US Cellular 5G

US Cellular, now America’s fourth-largest carrier after T-Mobile absorbed Sprint, is introducing 5G coverage into 11 new states, bringing the total number to 13. It is also rolling out LTE Advanced technologies to its existing LTE network.

Up until now, US Cellular’s 5G network only reached parts of Iowa and Wisconsin, but the carrier is bringing the new generation network to California, Maine, Maryland, New Hampshire, North Carolina, Oklahoma, Oregon, Texas, Virginia, Washington, and West Virginia. The company has not published a timescale for the upgrades but Michael Irizarry, US Cellular’s executive vice president and CTO, explained how the carrier’s 5G service is built on “clean unused 600MHz spectrum.” US Cellular does not have to share spectrum with other carriers because the business “strategically reserved 600MHz in anticipation for 5G.” The network upgrade will be coming to busier areas first, which typically means cities, but Irizarry explains they are prioritizing small and medium towns. Check out US Cellular’s 5G video below:

The carrier is also rolling out upgrades to its existing LTE network, including 256 QAM (quadrature amplitude modulation) and carrier aggregation. In simple terms, 256 QAM is a way of condensing the information transmitted over the airwaves, and carrier aggregation is a means of combining different blocks of spectrum to increase the available bandwidth. Many recent smartphones support both of these technologies and where available, customers should notice a data speed improvement. This is good news for subscribers as “LTE Advanced,” as US Cellular calls it, does not require a device upgrade whereas for many customers, switching to 5G would – although Irizarry notes some devices may require a software update.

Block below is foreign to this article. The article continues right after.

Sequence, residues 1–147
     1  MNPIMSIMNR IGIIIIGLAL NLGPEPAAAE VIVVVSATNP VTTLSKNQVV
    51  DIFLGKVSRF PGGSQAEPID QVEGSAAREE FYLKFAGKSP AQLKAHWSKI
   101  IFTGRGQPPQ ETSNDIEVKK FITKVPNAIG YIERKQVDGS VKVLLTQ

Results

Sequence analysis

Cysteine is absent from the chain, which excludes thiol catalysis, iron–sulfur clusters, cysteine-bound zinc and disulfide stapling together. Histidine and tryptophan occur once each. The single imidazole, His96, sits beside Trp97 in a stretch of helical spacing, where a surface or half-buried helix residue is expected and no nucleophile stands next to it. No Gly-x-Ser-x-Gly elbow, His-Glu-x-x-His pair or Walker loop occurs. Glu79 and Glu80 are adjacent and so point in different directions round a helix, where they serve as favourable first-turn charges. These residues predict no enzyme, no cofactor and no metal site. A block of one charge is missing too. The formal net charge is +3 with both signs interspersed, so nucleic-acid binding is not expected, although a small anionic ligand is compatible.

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US Cellular’s strategy for 5G coverage involves a base of low frequency 600MHz spectrum, boosted by mid-range and higher-frequency coverage in areas of high demand. It is currently trialing higher frequency mmWave networking using spectrum from the 24GHz point up. mmWave networks offer the potential to be very fast but the signals do not penetrate buildings, walls, and sometimes vegetation and trees. US Cellular envisions mmWave cells to be restricted to dense, urban environments.

If you are a US Cellular subscriber in one of the states that should soon benefit from 5G, would you be interested in upgrading your device? Or are you excited about the higher performance LTE Advanced upgrade? Let us know in the comments below.

Source: Phone Arena


I’ve been using smartphones since before they were popular! I found my home with Android back in 2011. Today, I use the Google Pixel 3a and Sony Xperia Z4 Tablet as primary devices, but you’ll also see me with my coffee cup.




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